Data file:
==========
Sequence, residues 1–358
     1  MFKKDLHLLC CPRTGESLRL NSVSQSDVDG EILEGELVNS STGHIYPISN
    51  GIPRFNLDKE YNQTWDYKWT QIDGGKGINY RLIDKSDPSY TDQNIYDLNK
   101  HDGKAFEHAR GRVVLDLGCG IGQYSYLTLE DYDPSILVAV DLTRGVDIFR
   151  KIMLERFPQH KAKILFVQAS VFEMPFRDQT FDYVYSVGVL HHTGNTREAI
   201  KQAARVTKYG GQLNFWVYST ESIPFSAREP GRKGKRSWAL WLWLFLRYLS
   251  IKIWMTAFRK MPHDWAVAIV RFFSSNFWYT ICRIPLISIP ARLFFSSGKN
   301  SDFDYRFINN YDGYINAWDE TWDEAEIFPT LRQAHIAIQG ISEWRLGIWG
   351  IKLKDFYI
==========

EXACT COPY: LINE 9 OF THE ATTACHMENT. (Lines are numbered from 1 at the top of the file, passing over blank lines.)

   351  IKLKDFYI